As he prepares to retire this month after more than 28 years at Lawrence Berkeley National Laboratory, Brian Tierney, head of ESnet’s Advanced Network Technologies Group, still remembers the exact moment when he knew where his career path would lead.
“I met Bill Johnston at San Francisco State and on the very first day of his Computer Graphics class, he told us ‘Anybody who gets and A in my class gets an internship in my group,’” Tierney recalled. “A light bulb went off and I knew I was going to get an A. I literally thought “That’s what I might do for the next 30 years.’”
He started in Johnston’s Graphics Group as a graduate student assistant in 1988 and a year later Tierney had become a career staff member.
Among the key projects Tierney has either contributed to are perfSONAR, the network performance toolkit, and fasterdata.es.net, a collection of tips and tools for, well, faster data transfers.
Ten students from the IT Academy at Richmond’s Kennedy High School spent the first week of their summer vacation getting hands-on experience in high-speed networking and getting first-hand advice on planning their future.
The students and IT Academy lead teacher LaRue Moore participated in the June 12-16 pilot workshop introducing them to networking for science. The five-day workshop include a 30-minute instructional presentations followed by 30 minutes of hands-on work, a sequence developed by Sowmya Balasubramanian of ESnet. Topics included configuring IP addresses, tracing packets, assessing network performance and locating bottlenecks.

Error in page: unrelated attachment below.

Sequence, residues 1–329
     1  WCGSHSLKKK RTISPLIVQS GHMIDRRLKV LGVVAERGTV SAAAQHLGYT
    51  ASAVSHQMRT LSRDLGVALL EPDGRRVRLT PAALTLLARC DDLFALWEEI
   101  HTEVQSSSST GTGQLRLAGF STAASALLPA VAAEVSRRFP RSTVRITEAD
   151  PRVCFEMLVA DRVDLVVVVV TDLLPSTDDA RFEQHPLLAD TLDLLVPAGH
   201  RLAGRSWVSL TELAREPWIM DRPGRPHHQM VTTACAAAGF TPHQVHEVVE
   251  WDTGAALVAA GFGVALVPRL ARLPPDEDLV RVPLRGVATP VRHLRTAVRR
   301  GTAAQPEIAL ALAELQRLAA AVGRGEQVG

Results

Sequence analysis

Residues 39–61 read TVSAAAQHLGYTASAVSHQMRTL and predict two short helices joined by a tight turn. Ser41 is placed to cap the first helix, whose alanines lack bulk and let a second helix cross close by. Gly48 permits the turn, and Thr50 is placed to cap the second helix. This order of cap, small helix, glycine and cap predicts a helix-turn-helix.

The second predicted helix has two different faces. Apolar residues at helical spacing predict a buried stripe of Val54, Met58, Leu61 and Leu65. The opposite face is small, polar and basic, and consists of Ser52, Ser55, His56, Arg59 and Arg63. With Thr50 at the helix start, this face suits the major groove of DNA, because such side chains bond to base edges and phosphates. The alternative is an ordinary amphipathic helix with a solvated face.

On the last day, students were given the assignment: You are a network administrator. You have five Raspberry Pis that serve as data transfer nodes. They are connected to a switch that can process at 1000 megabits/second. The Raspberry Pi themselves can transfer at 100 megabits/second. A user wants to use one of the data transfer nodes and has approached you for help in finding the best node. You need to run tests to find which is the best node.
Working in teams, the students measured the round-trip time for each node and then balance speed against packet loss to determine which performed best. Students then presented their findings to the group, as they would make a recommendation to an IT expert.
“This was extremely valuable for our students and now I want to see how we can scale it up to 40 students,” Moore said. “This week has given them both more knowledge and more confidence.”
ESnet, Indiana University, and Internet2 are hosting a virtual version of the next Operating Innovative Networks (OIN) workshop on Wednesday and Thursday, June 21-22. This completely online event offers hands-on training in: